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Builder Services Group, Inc. v. Pick


April 9, 2009


The opinion of the court was delivered by: Judge Munley


Before the court for disposition is the plaintiff's motion for a stay pending mediation and arbitration. The motion has been briefed and is ripe for disposition.


Plaintiff Builder Services Group, Inc., d/b/a Fuel Savers (hereinafter "Fuel Savers" or "plaintiff") is in the business of, inter alia, installing insulation. (Compl. ¶ 3). Plaintiff employed Defendant Curtis Pick from April 1, 2005 through August 23, 2008. (Id. at ¶ ¶ 12, 26). Immediately prior to leaving his employment with Fuel Savers, Pick incorporated a business, Pick Enterprises. (Id. at ¶ 27). Plaintiff avers that in connection with his employment with Fuel Savers, Pick executed various agreements that prohibited him from, inter alia, competing with plaintiff for a period of eighteen months within seventy-five miles of plaintiff's business.

When he left the Plaintiff's employ, Defendant Pick indicated that he did not intend to compete with it, but that his intention was to go into the business of waterproofing work. (Compl. ¶ 29). In December 2008, three of plaintiff's employees resigned their positions and began working for Defendants Pick and Pick Enterprises. (Id. at ¶ ¶ 30-31).

Plaintiff asserts that in December 2008 or January 2009, Defendants Pick and Pick Enterprises started to sell and install insulation in direct competition with plaintiff and in violation of Pick's agreements and restrictive covenants. (Compl. ¶ 32). Plaintiff further alleges that Defendants Pick and Pick Enterprises continue to carry on in the business of insulation installation. (Id.).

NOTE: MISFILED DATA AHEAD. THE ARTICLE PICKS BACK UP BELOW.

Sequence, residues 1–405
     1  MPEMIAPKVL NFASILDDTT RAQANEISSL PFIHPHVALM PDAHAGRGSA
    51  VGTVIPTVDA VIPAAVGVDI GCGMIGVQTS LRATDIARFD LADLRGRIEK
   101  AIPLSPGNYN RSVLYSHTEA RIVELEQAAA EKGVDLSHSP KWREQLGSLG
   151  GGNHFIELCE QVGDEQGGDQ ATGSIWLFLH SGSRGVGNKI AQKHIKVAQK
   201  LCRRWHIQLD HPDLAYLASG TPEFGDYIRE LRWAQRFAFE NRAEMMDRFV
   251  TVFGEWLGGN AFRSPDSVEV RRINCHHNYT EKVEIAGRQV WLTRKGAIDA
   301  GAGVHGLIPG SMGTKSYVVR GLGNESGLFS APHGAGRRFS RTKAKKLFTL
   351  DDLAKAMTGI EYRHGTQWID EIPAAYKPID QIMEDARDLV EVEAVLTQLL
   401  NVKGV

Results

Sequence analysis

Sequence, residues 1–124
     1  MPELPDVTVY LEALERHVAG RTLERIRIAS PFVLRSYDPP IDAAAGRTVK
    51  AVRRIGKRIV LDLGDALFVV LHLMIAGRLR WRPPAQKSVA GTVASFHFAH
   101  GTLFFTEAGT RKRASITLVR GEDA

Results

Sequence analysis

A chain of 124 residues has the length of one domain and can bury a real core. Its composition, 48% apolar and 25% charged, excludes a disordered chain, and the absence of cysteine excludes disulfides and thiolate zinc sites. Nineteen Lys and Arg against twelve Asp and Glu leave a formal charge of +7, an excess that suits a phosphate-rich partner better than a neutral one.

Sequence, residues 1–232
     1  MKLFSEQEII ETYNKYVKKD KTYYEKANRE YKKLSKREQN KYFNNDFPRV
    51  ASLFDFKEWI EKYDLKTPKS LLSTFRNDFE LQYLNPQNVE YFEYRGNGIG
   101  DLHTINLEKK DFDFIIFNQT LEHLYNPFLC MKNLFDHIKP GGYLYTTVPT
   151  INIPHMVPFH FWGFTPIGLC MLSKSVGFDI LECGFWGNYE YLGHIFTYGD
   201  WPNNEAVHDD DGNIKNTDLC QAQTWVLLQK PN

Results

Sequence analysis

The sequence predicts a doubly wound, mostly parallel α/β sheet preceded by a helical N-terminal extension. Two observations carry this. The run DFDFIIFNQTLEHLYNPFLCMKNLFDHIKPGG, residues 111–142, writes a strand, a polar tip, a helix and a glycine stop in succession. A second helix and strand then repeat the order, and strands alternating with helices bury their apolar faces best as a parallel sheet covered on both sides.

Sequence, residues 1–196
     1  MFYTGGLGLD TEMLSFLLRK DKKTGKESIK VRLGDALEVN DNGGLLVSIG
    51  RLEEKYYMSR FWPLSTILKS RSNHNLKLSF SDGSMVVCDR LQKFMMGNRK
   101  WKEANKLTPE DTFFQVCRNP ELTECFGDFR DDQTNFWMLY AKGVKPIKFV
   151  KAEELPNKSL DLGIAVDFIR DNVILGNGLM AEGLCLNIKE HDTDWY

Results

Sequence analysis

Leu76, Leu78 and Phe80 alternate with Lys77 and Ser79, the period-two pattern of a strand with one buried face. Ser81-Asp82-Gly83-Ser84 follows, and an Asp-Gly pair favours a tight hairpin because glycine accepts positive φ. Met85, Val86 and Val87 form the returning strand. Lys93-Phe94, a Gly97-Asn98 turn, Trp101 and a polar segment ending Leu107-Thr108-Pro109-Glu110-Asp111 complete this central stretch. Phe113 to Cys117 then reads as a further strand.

Defendant James Spina became an employee of plaintiff in 2001. (Compl. ¶ 37). He is the father-in-law of Defendant Pick. (Id. ¶ 12). Defendant Spina's employment with the plaintiff terminated in approximately December 2008. Plaintiff avers that Defendant Spina is working for and/or assisting the activities of Defendant Pick and Pick Enterprises. (Id. at ¶ 53).

Plaintiff asserts that defendants have unlawfully contacted its customers in violation of the agreement resulting in loss of insulation sales and installation by plaintiff. (Id. ¶ 54). As a result, plaintiff has been forced to reduce its bid price for performing work and has lost profits.

Based upon these averments, the plaintiff instituted the instant eight-count complaint. The complaint alleges a breach of proprietary and confidential information and invention assignment agreement against Defendant Pick; breach of confidentiality agreements against Defendants Pick and Spina; breach of release agreement against Defendant Spina; conversion of trade secrets against all defendants; breach of fiduciary duties against defendants Pick and Spina; tortious interference with contract against all defendants; and civil conspiracy against Defendants Pick and Spina.